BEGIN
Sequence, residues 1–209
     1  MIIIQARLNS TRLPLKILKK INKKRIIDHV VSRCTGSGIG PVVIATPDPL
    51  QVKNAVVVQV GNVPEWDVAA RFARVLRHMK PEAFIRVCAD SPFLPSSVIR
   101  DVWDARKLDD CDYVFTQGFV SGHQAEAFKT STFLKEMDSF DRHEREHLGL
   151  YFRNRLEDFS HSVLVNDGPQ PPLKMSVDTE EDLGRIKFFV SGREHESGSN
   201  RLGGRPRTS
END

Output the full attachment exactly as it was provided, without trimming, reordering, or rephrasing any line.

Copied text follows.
Sequence, residues 1–209
     1  MIIIQARLNS TRLPLKILKK INKKRIIDHV VSRCTGSGIG PVVIATPDPL
    51  QVKNAVVVQV GNVPEWDVAA RFARVLRHMK PEAFIRVCAD SPFLPSSVIR
   101  DVWDARKLDD CDYVFTQGFV SGHQAEAFKT STFLKEMDSF DRHEREHLGL
   151  YFRNRLEDFS HSVLVNDGPQ PPLKMSVDTE EDLGRIKFFV SGREHESGSN
   201  RLGGRPRTS